In the jumps, too, generalisation tendencies are probable although it is considerably more difficult to identify them here. An indication of this thesis is the "explosive performance improvements" of those heptathletes and decathletes who after the invention of the Fosbury flop, changed over to this technique because of the problems faced with the straddle, which had been the predominant technique beforehand (Tidow 1982). For combined event athletes the required delayed take-off with the extended swinging leg in straddle - with ground contact times of 240ms - did not harmonise with the take- off dynamics in the long jump and pole vault
(see also Figure 2). This does not mean that the straddle is generally inferior to the flop - which is clearly disproved by the 2.27m of Christian Schenk in the decathlon competition at the Seoul Olympics in 1988. However, for explosive decathletes especially, only the flop with a contact time of about 140ms is similar to the long-jump take-off as far as the innervation pattern is concerned. In addition, this alternative style of the flop can be learned much faster (Tidow 1994a). This dynamic affinity between the two jumping disciplines is in accordance with the striving for generalisation which is typical of the neural motor system.
This tendency has less positive effects on the pole vault. Although the take-off action to be realised here is still described as "similar to the long jump" in the specialist literature, there is much to be said for it holding a medium position between the triple jump (hop take-off) and the push-off in front of the hurdle as far as its dynamics are concerned (Tidow 1991 a). Consequently a lot of decathletes commit the fault of taking off in an upward direction in the pole vault instead of transferring the energy of the run-up rather frontally to the pole. Here an interdisciplinary differentiation is absolutely necessary and even realisable through corresponding training measures in the technical training of the pole vault, but particularly when learning this discipline, which is a combination of athletics and apparatus gymnastics.
5: Allrounders or specialists?
Only a maximum degree of specialisation enables a maximisation of performance and is therefore the rule in athletics. This finding relates to active athletes but does it apply to coaches, too? A look into what happens in practice shows that so far this question has been answered differently in respect of combined events coaching. Consequently this article does neither exclude those who face the challenge dealt with every day - the combined-event coaches - nor specialist coaches of combined-event athletes. This seemingly sophisticated differentiation between the functions leads to the question of who is best suited to take decathletes to the top of their discipline? Is it an all-rounder coach who "specialises" in the combined events or is it a group of discipline specialists, whose work is co-ordinated by a mentor? It is a well-known fact that both versions (and additional special models of a quite personal pattern) can be found in high level combined events coaching, and they are both successful. This does not mean that the answer is purely arbitrary as the reasons for such an apparently neutral response are complex.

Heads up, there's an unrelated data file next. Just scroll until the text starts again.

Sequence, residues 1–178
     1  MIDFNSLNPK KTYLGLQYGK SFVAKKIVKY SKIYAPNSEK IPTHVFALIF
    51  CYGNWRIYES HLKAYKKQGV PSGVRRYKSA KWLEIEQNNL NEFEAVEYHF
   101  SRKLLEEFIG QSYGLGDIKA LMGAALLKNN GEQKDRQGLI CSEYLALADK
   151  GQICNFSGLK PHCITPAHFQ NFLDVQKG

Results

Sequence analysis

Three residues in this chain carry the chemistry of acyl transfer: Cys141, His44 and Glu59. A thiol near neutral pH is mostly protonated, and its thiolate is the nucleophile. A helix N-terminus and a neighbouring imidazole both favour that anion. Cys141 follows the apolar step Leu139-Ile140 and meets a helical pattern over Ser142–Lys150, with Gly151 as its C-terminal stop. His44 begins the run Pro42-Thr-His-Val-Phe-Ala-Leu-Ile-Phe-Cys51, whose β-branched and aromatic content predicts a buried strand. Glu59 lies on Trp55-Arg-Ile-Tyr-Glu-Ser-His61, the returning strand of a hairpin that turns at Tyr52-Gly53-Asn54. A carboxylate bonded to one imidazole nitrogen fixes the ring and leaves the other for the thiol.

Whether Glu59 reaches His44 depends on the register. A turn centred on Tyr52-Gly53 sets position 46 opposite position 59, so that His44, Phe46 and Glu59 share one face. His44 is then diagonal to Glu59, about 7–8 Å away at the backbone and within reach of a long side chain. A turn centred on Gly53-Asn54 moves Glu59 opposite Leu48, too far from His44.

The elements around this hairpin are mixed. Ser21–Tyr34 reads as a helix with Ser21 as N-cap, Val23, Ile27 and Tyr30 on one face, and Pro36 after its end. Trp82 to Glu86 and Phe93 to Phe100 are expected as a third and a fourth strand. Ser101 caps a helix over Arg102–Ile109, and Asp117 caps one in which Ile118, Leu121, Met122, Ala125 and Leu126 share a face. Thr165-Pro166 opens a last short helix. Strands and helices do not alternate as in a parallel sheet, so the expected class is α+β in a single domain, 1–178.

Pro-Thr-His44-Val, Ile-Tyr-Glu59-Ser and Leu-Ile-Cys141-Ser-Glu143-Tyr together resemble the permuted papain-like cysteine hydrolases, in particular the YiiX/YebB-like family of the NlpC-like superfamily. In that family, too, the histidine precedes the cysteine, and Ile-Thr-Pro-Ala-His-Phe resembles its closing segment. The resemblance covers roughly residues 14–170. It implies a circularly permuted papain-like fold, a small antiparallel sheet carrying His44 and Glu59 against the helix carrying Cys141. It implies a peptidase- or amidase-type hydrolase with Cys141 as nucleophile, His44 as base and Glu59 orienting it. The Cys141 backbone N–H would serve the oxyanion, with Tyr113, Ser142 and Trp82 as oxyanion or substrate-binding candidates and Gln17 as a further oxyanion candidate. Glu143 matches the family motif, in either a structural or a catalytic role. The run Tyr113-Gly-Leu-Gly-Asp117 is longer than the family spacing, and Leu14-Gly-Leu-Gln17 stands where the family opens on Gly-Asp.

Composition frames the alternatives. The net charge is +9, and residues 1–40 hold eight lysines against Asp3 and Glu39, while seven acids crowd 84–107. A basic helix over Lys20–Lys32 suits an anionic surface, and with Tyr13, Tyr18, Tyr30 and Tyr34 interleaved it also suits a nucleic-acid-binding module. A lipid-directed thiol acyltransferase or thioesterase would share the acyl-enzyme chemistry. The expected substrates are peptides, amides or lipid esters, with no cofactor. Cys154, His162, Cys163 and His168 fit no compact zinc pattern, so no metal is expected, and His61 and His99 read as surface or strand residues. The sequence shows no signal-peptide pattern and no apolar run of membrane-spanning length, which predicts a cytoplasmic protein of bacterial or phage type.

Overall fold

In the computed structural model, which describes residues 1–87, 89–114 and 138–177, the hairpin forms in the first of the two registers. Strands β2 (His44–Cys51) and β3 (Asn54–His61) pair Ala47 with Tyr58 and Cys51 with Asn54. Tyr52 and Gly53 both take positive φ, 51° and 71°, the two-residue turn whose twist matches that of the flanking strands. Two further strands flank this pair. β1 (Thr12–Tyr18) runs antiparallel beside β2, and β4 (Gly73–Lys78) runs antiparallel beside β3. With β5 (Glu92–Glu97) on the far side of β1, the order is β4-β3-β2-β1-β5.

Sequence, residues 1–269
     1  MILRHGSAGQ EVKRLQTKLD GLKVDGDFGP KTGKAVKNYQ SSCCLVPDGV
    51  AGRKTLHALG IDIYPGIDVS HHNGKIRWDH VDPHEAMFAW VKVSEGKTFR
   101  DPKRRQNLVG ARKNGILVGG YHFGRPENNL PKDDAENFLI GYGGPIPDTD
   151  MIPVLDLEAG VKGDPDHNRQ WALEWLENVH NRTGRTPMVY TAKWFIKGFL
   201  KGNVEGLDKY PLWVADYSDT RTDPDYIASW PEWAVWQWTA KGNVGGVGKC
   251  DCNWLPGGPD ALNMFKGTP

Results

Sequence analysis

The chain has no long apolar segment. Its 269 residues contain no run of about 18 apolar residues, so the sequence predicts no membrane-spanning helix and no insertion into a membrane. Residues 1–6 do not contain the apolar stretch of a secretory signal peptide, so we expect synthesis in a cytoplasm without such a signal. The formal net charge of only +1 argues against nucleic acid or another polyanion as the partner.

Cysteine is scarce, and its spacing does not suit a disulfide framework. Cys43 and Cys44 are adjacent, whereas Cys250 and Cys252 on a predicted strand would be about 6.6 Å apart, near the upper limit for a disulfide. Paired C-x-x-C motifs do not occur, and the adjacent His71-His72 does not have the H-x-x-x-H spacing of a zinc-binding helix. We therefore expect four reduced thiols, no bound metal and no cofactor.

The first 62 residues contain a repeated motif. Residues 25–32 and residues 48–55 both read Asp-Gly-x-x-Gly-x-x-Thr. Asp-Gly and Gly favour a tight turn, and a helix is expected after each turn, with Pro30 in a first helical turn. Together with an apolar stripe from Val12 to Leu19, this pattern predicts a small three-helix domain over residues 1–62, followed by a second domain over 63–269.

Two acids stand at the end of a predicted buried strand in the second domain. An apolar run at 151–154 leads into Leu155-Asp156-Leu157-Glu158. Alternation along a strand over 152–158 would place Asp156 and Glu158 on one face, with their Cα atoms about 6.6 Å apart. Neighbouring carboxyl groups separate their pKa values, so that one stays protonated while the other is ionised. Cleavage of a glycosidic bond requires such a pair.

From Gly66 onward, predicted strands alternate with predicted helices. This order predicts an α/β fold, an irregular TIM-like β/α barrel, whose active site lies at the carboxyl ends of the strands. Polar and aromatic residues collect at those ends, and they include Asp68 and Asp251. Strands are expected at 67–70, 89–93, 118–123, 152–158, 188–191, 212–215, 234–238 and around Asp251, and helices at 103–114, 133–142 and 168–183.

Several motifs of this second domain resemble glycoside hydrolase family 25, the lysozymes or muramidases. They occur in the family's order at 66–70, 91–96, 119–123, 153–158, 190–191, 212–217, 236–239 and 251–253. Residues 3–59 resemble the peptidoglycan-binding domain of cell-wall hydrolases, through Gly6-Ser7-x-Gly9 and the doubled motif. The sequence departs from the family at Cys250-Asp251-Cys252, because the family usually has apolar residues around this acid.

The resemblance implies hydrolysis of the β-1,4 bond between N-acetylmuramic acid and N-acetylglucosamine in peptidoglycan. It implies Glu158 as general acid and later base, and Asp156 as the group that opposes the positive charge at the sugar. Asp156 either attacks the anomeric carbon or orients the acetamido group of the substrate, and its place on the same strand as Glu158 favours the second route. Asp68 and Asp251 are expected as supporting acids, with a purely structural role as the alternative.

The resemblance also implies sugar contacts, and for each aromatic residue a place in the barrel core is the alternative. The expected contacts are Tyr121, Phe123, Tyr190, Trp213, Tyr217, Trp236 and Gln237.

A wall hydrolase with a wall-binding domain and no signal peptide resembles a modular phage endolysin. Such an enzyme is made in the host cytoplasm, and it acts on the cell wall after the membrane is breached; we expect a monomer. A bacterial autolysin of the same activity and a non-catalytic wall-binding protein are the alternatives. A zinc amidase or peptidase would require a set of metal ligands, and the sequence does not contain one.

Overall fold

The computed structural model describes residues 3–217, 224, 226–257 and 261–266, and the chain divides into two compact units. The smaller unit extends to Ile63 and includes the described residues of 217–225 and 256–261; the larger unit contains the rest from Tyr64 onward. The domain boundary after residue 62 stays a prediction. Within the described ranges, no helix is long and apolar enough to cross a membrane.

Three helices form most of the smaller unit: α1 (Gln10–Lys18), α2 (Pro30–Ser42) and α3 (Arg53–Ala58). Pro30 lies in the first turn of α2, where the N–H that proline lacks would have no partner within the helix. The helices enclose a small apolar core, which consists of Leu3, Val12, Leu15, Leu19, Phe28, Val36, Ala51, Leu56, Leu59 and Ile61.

The first line of argument relates to the simple fact that only physically talented athletes fall into the hands of specialist coaches. No coach for the sprint, javelin throw or the long jump will waste many training sessions with obvious non-talented individuals. In blunt terms one can say that the first contact with specialist coaches normally comes about through performance advantage as the young talent has already made himself conspicuous. Consequently the main task of specialist coaches is to develop the athlete's potential. The motor intuition which is necessary for almost all disciplines must be re- fined but not imparted - it is already existent in the athlete.
The successful combined-event coach is characterised by completely different strengths. He or she must show special competence exactly where his or her athletes show deficits, where no intuition can be assumed because there is neither natural talent nor an already existent motor pattern. Here, the combined-event coach must be the specialist. Such problems are completely unknown to specialist coaches. The javelin coach, for example, deals with young athletes who can perform the overhead throw already at a fairly high level, but not with those athletes who find even the (co-ordination of the) striking movement alone considerably difficult.
In asking specialist coaches for advice, the information offered is not always helpful. A reason for this may also be that within a complex movement process with corresponding goal and support-motor impulse patterns, they are only "focused" on the details which they think are essential or problematic, based on their own experiences with talented and top-level athletes.